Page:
An interesting article about sailing sponsorship in the Financial Times about the move from luxury brands to more mainstream backers. The article has views from Puma, Russell Coutts and the Boston Consulting Group. The mix of opinions was mirrored at similar discussions at the World Yacht Racing Forum a couple of weeks back.
Jochen Zeitz, Puma chief executive, views the move into sailing as a natural progression from the company’s 10-year-old involvement in motorsport .
“Whatever we do starts with high performance, extreme performance, and then we take it to the street,” he says, explaining how Puma develops high-tech clothing for professionals followed by ranges of casual wear for all. “We felt it was time to attack a new sport.”
Mr Zeitz, dressed in informal Puma gear, talks of moving away from a “country club, yacht club kind of approach” to make sailing a more accessible spectator sport for consumers – as with Formula One. “We will have to change the sport of sailing,” he says.
New Zealander Russell Coutts, three times America’s Cup winner and one of the world’s most successful racing skippers, agrees that it is time for sailing to come of age as a commercial sport aimed at television and internet viewers.
“One of the things about sailing is that it creates the images. It makes people dream about certain lifestyles, certain challenges,” he says. “Sponsors have been learning over the years how to use that and leverage it.”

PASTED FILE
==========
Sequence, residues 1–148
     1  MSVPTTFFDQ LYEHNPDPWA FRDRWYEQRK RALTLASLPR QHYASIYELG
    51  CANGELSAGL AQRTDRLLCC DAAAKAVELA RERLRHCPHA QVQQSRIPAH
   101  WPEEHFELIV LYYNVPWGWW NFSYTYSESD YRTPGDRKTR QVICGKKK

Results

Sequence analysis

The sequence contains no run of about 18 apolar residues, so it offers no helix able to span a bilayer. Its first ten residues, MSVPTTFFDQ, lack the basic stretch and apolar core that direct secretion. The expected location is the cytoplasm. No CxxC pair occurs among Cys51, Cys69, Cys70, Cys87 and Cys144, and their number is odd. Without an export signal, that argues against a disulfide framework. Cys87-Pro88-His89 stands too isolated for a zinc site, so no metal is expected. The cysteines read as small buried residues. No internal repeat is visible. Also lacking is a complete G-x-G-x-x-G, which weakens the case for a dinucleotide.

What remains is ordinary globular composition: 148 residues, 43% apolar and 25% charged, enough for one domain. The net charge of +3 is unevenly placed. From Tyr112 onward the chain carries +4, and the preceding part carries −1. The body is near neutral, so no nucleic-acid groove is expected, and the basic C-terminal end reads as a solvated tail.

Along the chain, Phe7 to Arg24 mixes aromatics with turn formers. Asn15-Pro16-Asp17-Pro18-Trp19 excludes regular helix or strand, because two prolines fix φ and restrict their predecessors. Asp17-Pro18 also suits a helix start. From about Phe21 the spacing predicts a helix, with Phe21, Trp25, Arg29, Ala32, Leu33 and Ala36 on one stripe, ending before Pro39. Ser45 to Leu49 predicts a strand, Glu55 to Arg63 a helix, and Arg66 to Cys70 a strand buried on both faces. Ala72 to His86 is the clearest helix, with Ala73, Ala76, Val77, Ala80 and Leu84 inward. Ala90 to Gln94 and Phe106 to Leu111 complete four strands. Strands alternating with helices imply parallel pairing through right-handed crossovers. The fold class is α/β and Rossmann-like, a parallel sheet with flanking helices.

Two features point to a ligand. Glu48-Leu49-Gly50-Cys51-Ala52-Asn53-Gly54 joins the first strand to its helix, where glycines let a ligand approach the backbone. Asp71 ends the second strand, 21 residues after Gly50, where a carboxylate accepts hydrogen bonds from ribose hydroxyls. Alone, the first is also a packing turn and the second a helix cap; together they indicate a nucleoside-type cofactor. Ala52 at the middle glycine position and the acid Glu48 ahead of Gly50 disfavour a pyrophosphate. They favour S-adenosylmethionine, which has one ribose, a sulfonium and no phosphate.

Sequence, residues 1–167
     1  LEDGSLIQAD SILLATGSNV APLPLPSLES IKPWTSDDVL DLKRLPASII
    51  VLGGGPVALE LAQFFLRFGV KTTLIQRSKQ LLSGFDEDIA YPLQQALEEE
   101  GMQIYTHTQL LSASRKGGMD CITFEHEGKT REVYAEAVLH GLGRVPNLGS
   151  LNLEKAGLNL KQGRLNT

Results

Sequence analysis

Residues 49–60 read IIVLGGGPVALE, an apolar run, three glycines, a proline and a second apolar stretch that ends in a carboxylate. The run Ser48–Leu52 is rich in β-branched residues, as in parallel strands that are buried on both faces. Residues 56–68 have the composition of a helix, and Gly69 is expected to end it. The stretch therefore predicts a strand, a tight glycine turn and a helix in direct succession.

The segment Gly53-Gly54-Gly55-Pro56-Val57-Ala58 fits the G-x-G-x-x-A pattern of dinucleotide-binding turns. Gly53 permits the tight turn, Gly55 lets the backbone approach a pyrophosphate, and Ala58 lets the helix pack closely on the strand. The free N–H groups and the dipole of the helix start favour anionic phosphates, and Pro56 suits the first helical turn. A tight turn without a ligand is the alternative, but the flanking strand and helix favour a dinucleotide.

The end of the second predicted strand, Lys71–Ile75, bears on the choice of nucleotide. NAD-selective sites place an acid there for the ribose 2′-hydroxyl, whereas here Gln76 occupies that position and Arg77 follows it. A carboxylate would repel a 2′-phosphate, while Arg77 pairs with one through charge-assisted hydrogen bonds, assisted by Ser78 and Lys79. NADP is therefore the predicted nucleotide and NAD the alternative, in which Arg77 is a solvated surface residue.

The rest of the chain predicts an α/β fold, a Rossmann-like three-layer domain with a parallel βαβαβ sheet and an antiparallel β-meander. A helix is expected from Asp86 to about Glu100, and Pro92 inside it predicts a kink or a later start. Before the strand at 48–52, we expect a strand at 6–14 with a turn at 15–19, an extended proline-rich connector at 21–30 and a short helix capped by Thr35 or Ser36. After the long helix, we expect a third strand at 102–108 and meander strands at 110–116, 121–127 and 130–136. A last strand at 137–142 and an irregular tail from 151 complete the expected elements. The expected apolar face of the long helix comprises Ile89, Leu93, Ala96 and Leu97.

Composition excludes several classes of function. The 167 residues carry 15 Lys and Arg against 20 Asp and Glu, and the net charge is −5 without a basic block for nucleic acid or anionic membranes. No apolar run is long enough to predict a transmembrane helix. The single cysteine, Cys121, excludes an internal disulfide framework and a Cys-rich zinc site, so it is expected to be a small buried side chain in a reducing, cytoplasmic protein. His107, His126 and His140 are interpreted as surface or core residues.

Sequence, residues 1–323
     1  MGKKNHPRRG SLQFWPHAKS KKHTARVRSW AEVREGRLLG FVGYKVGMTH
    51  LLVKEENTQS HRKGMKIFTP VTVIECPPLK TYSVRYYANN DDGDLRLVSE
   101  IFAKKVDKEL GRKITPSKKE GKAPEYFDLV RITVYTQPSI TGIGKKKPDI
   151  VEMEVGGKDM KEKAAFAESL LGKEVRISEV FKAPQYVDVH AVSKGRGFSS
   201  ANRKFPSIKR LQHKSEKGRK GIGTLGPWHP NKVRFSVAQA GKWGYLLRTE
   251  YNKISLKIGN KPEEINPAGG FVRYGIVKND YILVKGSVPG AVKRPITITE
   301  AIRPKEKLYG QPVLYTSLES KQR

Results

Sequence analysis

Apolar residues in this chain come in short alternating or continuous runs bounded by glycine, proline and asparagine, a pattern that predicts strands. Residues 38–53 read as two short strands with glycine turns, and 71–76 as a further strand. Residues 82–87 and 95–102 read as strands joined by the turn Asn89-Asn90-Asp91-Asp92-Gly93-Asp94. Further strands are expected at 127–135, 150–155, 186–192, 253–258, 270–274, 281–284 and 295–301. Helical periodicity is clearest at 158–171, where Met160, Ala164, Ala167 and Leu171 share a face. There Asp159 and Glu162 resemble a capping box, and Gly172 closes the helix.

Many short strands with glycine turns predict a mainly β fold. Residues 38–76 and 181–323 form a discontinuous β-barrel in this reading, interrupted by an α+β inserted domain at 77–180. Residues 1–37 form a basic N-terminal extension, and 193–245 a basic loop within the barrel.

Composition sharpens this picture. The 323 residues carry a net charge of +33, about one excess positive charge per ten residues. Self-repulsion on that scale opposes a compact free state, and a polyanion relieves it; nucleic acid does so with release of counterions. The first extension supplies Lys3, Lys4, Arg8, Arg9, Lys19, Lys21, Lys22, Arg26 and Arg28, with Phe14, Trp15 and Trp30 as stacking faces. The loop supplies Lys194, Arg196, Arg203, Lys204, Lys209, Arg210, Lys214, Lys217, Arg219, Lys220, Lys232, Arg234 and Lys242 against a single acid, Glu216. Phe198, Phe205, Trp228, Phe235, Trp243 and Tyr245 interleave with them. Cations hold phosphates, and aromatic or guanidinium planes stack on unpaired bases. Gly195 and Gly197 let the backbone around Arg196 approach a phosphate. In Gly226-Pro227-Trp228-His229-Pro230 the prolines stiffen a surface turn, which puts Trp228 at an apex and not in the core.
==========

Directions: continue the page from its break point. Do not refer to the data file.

A possible obstacle for the growth of sailing sponsorship is a culture clash between the luxury brands that have hitherto dominated the sport and the likely newcomers pitching for the retail mass market. Bruno Troublé, a Louis Vuitton consultant, famously agonised about the incongruity and predicted the end of the America’s Cup if a pizza company got its brand onto the sail of a competing yacht.
When the economic clouds lift, however, consumer brands, including makers of beer and soft drinks, may be ready to jump on board as yachting becomes ever more accessible to internet users and television audiences.
“The brands that are going to move this are really the fast-moving consumer brands, the brands which are the best globally in terms of marketing to the consumers,” says Rune Jacobsen, the Boston Consulting Group partner and former Olympic sailor who is advising the Volvo Ocean Race on its commercial future.
“We believe that the whole sponsorship market for sailing is quite immature. There’s a lot more to do and a lot more ways to give a much bigger payback to investors.”